Varnau has complained about the actions of the Brown County Sheriff's office in an e-mail to the Brown County Commissioners.She is also asking the commissioners for a $500,000 increase in her budget. Meanwhile, Brown County Prosecuting Attorney Jessica Little has asked the commissioners to appoint special counsel for Varnau and allow her to withdraw. In a letter to the commissioners dated Jan. 23, Little wrote; "It has come to my attention that the Coroner, Dr. Varnau, is claiming that I breached attorney-client privilege...It appears to me that I cannot continue to represent a statutory client that has made such claims against me and the county." The basis of the complaint of violation of attorney-client privilege stems from Little complying with public records requests submitted by The Brown County Press. Brown County Commission President Tony Applegate said that the board sees no reason to grant the request of Little at this time. He added that the 2013 budget of the Coroner has been set and that an increase at this time would not be forthcoming.So, Varnau has besmirched every law enforcement county official. She claims Little violated attorney client privilege for complying with a public records request. Gee, Mrs. Varnau, what have you to hide? Are you part of a great Varnau conspiracy? But it gets better. Following is info from the Press article about why she wants the 500k increase to her budget:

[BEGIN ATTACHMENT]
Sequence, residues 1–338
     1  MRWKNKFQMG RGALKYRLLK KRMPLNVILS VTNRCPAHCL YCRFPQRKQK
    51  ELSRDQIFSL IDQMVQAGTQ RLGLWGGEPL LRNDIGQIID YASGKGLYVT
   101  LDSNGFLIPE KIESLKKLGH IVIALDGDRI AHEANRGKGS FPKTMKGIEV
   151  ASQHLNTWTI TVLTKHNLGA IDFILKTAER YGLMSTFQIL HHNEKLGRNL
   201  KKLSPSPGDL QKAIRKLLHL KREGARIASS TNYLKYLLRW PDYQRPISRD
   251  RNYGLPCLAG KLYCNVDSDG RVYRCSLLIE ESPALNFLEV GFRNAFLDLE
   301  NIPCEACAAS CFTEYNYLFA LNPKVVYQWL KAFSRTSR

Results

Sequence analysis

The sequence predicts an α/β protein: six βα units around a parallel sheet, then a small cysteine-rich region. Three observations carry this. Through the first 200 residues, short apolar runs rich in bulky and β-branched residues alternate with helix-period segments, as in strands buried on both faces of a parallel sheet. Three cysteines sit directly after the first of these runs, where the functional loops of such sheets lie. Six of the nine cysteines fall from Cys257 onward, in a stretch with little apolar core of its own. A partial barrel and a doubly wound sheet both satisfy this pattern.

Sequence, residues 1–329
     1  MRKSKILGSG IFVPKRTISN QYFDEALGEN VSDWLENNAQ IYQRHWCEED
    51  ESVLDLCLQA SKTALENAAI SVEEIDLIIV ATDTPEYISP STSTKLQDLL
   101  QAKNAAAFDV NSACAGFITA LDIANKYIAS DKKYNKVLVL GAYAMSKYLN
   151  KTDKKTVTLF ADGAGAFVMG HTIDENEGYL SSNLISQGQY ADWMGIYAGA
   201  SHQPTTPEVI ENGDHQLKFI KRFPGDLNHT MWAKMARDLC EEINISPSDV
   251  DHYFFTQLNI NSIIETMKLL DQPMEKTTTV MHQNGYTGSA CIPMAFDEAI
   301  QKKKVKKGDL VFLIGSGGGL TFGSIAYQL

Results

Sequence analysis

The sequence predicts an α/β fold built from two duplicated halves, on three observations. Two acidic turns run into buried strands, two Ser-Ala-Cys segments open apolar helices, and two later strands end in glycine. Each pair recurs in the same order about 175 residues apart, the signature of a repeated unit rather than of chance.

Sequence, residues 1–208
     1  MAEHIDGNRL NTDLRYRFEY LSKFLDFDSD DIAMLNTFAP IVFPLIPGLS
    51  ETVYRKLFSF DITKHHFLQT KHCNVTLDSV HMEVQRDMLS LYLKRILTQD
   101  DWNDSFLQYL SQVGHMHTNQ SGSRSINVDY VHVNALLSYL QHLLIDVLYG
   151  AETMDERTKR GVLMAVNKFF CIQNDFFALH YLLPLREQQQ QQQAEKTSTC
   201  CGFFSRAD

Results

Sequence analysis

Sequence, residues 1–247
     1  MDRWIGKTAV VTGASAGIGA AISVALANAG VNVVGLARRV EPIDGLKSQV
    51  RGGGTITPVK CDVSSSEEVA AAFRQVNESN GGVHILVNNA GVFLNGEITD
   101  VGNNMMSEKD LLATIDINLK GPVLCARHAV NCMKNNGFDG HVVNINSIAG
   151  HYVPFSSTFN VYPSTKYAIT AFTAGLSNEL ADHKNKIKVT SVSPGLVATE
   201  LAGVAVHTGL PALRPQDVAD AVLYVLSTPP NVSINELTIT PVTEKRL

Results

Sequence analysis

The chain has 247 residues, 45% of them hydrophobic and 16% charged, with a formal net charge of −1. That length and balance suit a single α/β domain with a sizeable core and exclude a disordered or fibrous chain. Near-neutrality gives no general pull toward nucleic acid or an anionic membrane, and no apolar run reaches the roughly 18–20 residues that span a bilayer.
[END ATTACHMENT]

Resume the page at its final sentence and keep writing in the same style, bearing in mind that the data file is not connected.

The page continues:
On Jan. 30, the body of Rhonda Cheesman, who had been reported missing from Georgetown, was discovered near Russellville. Varnau wrote the following e-mail to the Brown County Commissioners on Friday, Feb 1. It was obtained through a public records request. Commissioners Applegate, Woodruff, and Gray: On January 30, 2013, I was called out to the scene of Ms. Cheesman's car in the middle of a field, at least a quarter mile off-road, on McNoun Road. The deputies escorted me to the scene and relayed that it was a coroner's death scene and refused to be involved. Although I remarked that as agreed upon January 3rd, the coroner's scene should be the immediate area surrounding the body. So, the entire car in the field was not the coroner's scene. The deputies stated that if the Sheriff's Office was needed for further assistance, I would have to request it through the prosecutor's office. They left me alone out in the field with a locked car containing a dead body with no way of accessing the body, so I could not do my job of determining the manner and cause of death. I then called for a towing company, Shafer Towing, and Carl Shafer and his assistant "Dennis" responded to the location. Carl assisted in getting the car unlocked. I made a cursory exam of the body and noted what appeared to be potential bruising on the decedent's hands and moisture content surrounding the body, causing me to think that it was a suspicious death, but could be a suicide with special circumstances (normal procedure is to investigate all suspected suicides as potential homicides). I called the Communications Center to contact Jessica Little so that I could summon SO assistance on the scene. She stated she would contact the SO. After waiting more than an hour, I contacted the Communications Center to get an estimated time of arrival (ETA) of the SO, only to find that there was no request made to the SO to respond. In calling Jessica Little again, she stated that she left a message on my phone (my home phone) while I was out in the field at the scene, not leaving a potential crime scene unattended which would have broken any chain of evidence present. In contacting her again, she stated that she needed my written report and a written request for what kind of evidence the SO would need for me from the scene. She also stated that it was my responsibility to preserve and secure the scene and obtain evidence for use in any potential trial. I explained to her that I was out in the field (in the rain, sleet, mud, and cold), keeping the scene secured without capabilities to write and/or fax a coroner's report for her to request SO assistance at the scene. She stated she was sorry but could not do anything since I did not sign the SO policy. Apparently, more new policies were developed (that I was not informed of prior to this incident) that I had not signed. I then contacted the Communications Center, asking them to contact the Sheriff for me. I got a reply call from Chief Schadle. He said that the SO would not assist until after the autopsy report confirmed that it was a homicide, due to the new policy developed because I would not sign the prior SO policy. I told him I was not aware of a new policy different from our agreements made at the January 3, 2013 meeting. I then contacted the Communications Center to have them contact BCI to get an investigative unit out to the scene. I first responded to the scene at 1550 hrs by call from the Communications Center at 1530 hrs. I remained on the scene along with Carl Shafer and my husband (who I called to come help, arriving at the scene about 1730 hrs), waiting for BCI to show up, keeping the scene secure for investigation. (Sgt. Hency from Russellville PD also came out around 1945 hrs with heavier coats, gloves, rain gear, and flashlights, after he called my husband to find out if we needed anything. He remained on the scene with the three of us until the vehicle was removed from the field and put on the rollback tow truck). When BCI arrived, they did a cursory scene assessment in the field where there was so much mud and water around the vehicle that it would be impossible to make any determination of tire tracks, etc, and they decided that it would be best to remove the car from the field and take it to a garage where the vehicle and body could be processed by the BCI agents, as the only scene now was inside the vehicle. The vehicle was towed to Mount Orab Maintenance Building for processing, which was completed about 0150 hrs, and I left to notify the next-of-kin on Hamer Road from about 0200 to 0315 hrs.Now, remember, it was Dr. Varnau who raised issues about deputiees being liable for handling death scenes and how death scenes were her territory. Sheriff Wenninger and Co. were following the letter of the law. After all, we wouldn't want to violate the law and be subject to charges by Varnau, who does have the power to charge law enforcemement with breaking rules of evidence, etc. But yet, she calls her husband to come to a crime scene and I don't believe he is a law enforcement official, just an attorney. So isn't her calling in her husband to a potential crime scene a possible break in the chain of evidence? Ms. Varnau goes on to complain that she was unaware of changes to policy, when my sources tell me every effort has been made to get her to come to some type of agreement with the sheriff's office. Ms. Varnau's statements do not match fact, as in her claim she made no request to Jessica Little to ask the Attorney General to rule of Wenninger's qualifications for duty, even though her attorney did indeed make a request (kind of stretches plausible deniability, don't you think?). She has shown that she cares more for this vendetta than in doing her job. But here is where the 500K request comes in: